I did have a stick go between the chain and sprocket once that caused the chain to chain to jump off the rear sprocket.
It takes a while to do the mod but it is well worth it for those who have circlips only holding the front sprocket on.
If it is possible to get Carbide taps they would be better for this job as they are capable of tapping threads into hard steel much easier.
Cheers
Pete
View attachment 38405 View attachment 38406 View attachment 38407 View attachment 38408 View attachment 38409
The countershaft on the older (pre97) model bikes only has a circlip to hold the front sprocket on.
There have been many reports of the front sprocket coming off these bikes.
There are a few causes.
Wear on the circlip groove
Worn circlip
Wear on the shaft.
The previous owner of my bike had the front sprocket come off as he stopped at a traffic light.
It could cause a very dangerous situation of the sprocket were to come off at speed.
The later bikes and the GS 650 bikes all have a modified countershaft with a nut and tab washer on them to overcome the problem of the circlip.

I found the circlip groove on the countershaft was worn on my bike so decided to modify the shaft to have a nut and washer like the later bikes.
The first step was to remove the sprocket cover and sprocket.
I then sharpened some Tungsten tip drills and drilled the countershaft .
First was a small hole about 4mm diameter, then a 6mm diameter then up to an 8mm until I got to a 10mm drill size.
I used a 12mm tap to tap a thread in the shaft.
This has to be done very slowly as it is very easy to break a tap in a hardened shaft.
First use a tapered tap, then an intermediate then a plug tap to get the thread to the bottom of the hole.
I then got a High Tensile bolt and cut the threaded section off and ground the end until it was the same shape
as the end of the drill.
I used loctite and threaded the new bolt into the countershaft.
I decided to keep the circlip as a double safety measure so machined a washer from an old nut that fitted over the circlip ( just so that the circlip could not come undone).
Then reinstalled the sprocket , circlip, put the washer on and did the nut up.
This was 4 years ago now and I have had no problems at all.
I also make a steel sprocket cover with a section in it that has a nylon insert that prevents the sprocket coming off and also protects the crankcase should the chain ever break.
I did have a stick go between the chain and sprocket once that caused the chain to chain to jump off the rear sprocket.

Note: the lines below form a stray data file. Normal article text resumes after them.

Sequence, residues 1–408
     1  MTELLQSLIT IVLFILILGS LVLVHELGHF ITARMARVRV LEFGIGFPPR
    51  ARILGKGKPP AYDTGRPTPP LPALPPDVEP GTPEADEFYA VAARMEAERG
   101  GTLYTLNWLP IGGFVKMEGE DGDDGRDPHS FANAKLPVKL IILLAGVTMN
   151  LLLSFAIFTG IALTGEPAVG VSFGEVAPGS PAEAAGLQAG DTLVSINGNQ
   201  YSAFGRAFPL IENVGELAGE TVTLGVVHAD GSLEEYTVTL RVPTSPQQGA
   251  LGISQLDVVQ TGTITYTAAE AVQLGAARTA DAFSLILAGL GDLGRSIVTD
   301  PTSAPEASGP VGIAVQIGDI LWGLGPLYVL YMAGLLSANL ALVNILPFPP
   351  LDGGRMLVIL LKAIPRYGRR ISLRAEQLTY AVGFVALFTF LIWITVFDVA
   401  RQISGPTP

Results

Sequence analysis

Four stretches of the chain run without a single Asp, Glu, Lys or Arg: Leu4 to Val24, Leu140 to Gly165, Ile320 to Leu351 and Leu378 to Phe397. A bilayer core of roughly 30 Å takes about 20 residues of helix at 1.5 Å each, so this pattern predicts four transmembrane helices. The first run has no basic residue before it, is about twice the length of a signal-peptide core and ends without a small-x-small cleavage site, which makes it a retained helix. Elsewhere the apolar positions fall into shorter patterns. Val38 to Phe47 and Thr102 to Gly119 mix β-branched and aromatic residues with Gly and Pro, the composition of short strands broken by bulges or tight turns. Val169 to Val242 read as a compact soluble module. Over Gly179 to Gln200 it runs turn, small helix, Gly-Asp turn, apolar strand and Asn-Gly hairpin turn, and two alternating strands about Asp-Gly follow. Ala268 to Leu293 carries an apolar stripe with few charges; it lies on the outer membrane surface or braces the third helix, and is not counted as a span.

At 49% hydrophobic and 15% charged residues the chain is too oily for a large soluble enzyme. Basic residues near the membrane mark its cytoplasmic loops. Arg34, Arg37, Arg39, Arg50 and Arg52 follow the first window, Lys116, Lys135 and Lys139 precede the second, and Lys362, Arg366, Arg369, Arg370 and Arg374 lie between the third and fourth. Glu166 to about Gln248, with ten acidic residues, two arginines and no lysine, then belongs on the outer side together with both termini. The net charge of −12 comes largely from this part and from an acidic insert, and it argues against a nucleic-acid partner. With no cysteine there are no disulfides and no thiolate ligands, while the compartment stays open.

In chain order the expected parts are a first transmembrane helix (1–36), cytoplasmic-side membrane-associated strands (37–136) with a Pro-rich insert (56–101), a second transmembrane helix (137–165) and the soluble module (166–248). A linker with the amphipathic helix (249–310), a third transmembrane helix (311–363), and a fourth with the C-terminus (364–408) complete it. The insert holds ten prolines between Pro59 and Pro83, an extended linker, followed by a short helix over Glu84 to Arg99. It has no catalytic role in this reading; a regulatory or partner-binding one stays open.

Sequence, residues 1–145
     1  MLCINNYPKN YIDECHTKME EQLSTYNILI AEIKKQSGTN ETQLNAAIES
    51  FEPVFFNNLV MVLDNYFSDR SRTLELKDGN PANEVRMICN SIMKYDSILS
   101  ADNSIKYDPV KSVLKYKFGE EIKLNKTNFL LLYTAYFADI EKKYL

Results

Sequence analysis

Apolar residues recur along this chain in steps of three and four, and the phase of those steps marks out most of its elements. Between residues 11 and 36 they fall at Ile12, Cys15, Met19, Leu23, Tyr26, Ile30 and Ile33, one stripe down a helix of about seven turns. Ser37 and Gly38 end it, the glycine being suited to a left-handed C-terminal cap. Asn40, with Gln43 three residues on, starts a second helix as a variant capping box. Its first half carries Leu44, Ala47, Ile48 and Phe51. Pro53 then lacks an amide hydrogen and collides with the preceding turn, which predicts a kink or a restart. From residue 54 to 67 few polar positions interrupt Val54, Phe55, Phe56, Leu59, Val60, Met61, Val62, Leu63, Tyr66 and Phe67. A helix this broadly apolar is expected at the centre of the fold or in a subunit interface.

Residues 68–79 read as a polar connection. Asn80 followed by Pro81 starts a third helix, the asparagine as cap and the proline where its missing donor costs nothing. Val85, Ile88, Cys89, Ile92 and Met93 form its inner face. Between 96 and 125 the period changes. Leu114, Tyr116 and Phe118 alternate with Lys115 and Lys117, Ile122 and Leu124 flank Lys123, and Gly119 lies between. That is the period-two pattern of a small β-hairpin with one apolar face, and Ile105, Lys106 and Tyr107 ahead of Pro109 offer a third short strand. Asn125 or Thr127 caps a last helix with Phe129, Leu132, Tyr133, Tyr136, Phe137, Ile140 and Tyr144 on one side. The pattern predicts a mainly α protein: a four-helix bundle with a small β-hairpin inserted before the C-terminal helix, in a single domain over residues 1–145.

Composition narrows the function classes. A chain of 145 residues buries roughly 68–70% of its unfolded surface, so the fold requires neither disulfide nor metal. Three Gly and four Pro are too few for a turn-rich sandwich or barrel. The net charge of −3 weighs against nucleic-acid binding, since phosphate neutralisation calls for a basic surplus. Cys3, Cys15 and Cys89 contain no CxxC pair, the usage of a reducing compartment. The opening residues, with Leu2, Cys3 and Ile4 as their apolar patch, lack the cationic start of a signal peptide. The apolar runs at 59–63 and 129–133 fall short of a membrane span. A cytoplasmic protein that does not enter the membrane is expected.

It takes a while to do the mod but it is well worth it for those who have circlips only holding the front sprocket on.
If it is possible to get Carbide taps they would be better for this job as they are capable of tapping threads into hard steel much easier.
Cheers
Pete
View attachment 38405 View attachment 38406 View attachment 38407 View attachment 38408 View attachment 38409
Great job Pete ! Fortunately mine already has the upgraded nut package. What ever happened to the other F-650 forum????
 

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Discussion Starter · #3 ·
The other forum, changed servers and they are having heaps of trouble getting it to work. It was briefly there 2 days ago but not possible to log in due to database errors, so it looks like it may be fixable sometime.
You are lucky that someone already changed the countershaft on your bike, I think BMW realised the error of their ways in 97 and changed the countershaft arrangement then.
Pete
 

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The other forum, changed servers and they are having heaps of trouble getting it to work. It was briefly there 2 days ago but not possible to log in due to database errors, so it looks like it may be fixable sometime.
You are lucky that someone already changed the countershaft on your bike, I think BMW realized the error of their ways in 97 and changed the countershaft arrangement then.
Pete
My bike is a 97 so it was changed at the factory. I've spent all winter cleaning and upgrading the bike. In fact it's hard to tell it from a brand new bike right now. The weather is getting slowly better now so been doing some riding. Glad I found you here because I have always enjoyed your posts and the helpful info I get from that. Hopefully, they will finally get the other forum going.